U.S. Customs and Border Protection has issued a new withhold release order that, effective Aug. 4, requires the detention at all U.S. ports of entry of tuna and other seafood harvested by the Hangton No. 112, a Fijian-flagged and -owned fishing vessel. This order was based on information that reasonably indicates the use of forced labor in the vessel’s fishing operations. However, importers of detained shipments will have an opportunity to export their shipments or submit proof to CBP that the seafood was not produced with forced labor.
19 USC 1307 prohibits the importation of goods mined, produced, or manufactured, wholly or in part, in any foreign country by forced labor, including convict labor, forced child labor, and indentured labor. Such goods are subject to exclusion and/or seizure and may lead to criminal investigation of the importer.
When information reasonably but not conclusively indicates that goods within the purview of 19 USC 1307 are being imported, CBP may issue withhold release orders. CBP will then detain such goods for an admissibility determination and exclude them unless the importer demonstrates that they were not made using forced labor. The importer may also export the goods.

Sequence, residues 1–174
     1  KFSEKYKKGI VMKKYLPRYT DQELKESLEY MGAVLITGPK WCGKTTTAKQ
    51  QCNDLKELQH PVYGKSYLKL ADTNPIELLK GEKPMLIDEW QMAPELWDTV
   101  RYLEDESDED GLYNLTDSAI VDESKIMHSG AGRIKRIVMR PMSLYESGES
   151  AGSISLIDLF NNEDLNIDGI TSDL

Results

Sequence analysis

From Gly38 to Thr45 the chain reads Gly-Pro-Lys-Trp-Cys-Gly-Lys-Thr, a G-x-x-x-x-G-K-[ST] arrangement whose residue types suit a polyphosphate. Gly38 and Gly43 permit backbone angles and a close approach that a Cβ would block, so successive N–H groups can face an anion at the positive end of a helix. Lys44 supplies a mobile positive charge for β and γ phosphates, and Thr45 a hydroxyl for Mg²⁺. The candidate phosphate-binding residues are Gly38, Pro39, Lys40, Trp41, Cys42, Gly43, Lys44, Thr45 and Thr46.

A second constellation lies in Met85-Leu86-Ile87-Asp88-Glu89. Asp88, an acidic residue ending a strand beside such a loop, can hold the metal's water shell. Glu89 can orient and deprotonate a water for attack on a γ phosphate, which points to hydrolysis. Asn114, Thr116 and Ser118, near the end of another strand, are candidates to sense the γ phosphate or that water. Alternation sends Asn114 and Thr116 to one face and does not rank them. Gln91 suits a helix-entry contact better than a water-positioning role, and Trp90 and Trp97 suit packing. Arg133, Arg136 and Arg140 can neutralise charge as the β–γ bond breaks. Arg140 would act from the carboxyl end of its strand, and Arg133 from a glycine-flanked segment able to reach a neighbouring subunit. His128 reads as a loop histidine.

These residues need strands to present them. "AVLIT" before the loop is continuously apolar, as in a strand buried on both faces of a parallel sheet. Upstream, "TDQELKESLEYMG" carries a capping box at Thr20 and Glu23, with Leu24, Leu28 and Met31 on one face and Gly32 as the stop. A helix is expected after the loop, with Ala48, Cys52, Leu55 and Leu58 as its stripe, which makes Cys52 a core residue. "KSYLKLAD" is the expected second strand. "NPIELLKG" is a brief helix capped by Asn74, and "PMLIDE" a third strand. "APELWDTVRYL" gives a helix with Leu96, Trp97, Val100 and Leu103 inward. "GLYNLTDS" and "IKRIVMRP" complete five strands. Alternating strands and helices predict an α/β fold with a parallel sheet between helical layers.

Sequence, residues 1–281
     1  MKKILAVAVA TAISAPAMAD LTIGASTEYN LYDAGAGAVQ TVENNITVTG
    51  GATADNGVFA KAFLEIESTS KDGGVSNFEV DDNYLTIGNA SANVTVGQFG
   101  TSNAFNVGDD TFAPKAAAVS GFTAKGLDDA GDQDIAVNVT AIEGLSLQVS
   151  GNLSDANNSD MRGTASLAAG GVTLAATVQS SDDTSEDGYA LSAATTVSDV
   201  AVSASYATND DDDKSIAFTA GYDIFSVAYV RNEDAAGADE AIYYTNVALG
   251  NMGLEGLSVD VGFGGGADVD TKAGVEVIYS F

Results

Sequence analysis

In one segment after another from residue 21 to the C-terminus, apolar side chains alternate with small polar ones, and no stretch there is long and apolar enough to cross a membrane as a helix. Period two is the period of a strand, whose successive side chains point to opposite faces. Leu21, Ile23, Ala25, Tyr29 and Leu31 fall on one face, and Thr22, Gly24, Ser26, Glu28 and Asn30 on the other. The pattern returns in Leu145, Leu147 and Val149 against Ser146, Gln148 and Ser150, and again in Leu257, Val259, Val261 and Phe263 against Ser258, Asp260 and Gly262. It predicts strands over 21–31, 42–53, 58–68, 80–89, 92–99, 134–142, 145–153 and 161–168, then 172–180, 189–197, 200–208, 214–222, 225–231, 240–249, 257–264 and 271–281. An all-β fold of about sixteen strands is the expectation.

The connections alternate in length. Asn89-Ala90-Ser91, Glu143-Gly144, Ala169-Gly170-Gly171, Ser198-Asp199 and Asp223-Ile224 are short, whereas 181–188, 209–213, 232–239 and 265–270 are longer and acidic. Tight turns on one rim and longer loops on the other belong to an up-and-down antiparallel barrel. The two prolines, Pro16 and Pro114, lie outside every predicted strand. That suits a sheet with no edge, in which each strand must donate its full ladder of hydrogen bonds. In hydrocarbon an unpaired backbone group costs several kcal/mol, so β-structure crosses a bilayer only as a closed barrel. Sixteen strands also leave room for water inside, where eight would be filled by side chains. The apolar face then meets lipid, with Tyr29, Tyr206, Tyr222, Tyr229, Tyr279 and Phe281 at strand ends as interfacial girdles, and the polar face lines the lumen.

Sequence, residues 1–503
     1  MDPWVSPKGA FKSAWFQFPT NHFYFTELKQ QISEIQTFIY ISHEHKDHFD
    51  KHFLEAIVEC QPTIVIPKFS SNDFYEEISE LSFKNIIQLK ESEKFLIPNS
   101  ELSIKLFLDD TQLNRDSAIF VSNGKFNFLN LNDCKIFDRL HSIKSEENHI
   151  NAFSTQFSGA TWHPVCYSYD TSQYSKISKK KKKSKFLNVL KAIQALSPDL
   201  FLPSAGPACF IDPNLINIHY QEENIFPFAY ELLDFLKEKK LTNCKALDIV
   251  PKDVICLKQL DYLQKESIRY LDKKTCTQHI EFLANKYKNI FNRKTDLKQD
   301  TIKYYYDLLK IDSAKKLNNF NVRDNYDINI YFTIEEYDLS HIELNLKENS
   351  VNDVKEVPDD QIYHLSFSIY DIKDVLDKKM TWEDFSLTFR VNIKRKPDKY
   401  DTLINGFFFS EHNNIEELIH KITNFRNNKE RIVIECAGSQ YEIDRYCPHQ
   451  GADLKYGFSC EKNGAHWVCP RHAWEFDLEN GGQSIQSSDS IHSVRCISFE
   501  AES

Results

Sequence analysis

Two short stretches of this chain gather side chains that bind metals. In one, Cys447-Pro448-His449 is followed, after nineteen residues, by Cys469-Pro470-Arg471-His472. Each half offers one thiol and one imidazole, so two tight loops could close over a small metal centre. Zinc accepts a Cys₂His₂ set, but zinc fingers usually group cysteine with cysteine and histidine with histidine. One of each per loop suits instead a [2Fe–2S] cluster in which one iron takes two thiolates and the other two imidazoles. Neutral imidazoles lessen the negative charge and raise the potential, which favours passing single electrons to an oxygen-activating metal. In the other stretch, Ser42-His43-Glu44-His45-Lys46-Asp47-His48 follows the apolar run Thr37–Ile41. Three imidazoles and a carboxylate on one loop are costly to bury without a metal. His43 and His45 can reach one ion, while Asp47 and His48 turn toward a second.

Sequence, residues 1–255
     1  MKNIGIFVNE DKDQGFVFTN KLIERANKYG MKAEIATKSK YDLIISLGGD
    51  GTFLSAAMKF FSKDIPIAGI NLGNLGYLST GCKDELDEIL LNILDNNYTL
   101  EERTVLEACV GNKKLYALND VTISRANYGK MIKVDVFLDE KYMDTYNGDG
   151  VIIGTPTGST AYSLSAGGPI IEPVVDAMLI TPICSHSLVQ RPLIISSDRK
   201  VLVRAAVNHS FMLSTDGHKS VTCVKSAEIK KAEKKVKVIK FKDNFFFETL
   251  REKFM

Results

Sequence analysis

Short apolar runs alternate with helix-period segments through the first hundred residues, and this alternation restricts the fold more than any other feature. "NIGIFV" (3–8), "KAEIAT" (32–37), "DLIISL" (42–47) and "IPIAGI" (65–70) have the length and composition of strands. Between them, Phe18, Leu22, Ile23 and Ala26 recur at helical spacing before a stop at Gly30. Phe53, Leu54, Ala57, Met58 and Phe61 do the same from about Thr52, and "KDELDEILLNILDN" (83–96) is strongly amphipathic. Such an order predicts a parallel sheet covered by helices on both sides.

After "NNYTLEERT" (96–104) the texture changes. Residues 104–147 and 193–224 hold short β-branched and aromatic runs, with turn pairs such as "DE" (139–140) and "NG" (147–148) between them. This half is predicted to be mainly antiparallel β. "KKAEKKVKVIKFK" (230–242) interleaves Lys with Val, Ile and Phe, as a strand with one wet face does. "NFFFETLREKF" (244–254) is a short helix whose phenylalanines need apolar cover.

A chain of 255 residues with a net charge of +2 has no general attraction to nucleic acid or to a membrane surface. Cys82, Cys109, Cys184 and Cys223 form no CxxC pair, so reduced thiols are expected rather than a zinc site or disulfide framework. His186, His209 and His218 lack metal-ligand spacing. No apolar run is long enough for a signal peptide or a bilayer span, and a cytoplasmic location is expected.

Companies in all industries are being encouraged to conduct reviews of their supply chains as international scrutiny of the use of forced labor intensifies. Sandler, Travis & Rosenberg offers a comprehensive suite of services to help companies address forced labor concerns, including supply chain reviews, due diligence strategies, and proactive remediation. For more information, please contact Amanda Levitt (at (212) 549-0148) or via email), David Olave (at (202) 730-4960 or via email), or Nicole Bivens Collinson (at (202) 730-4956 or via email).
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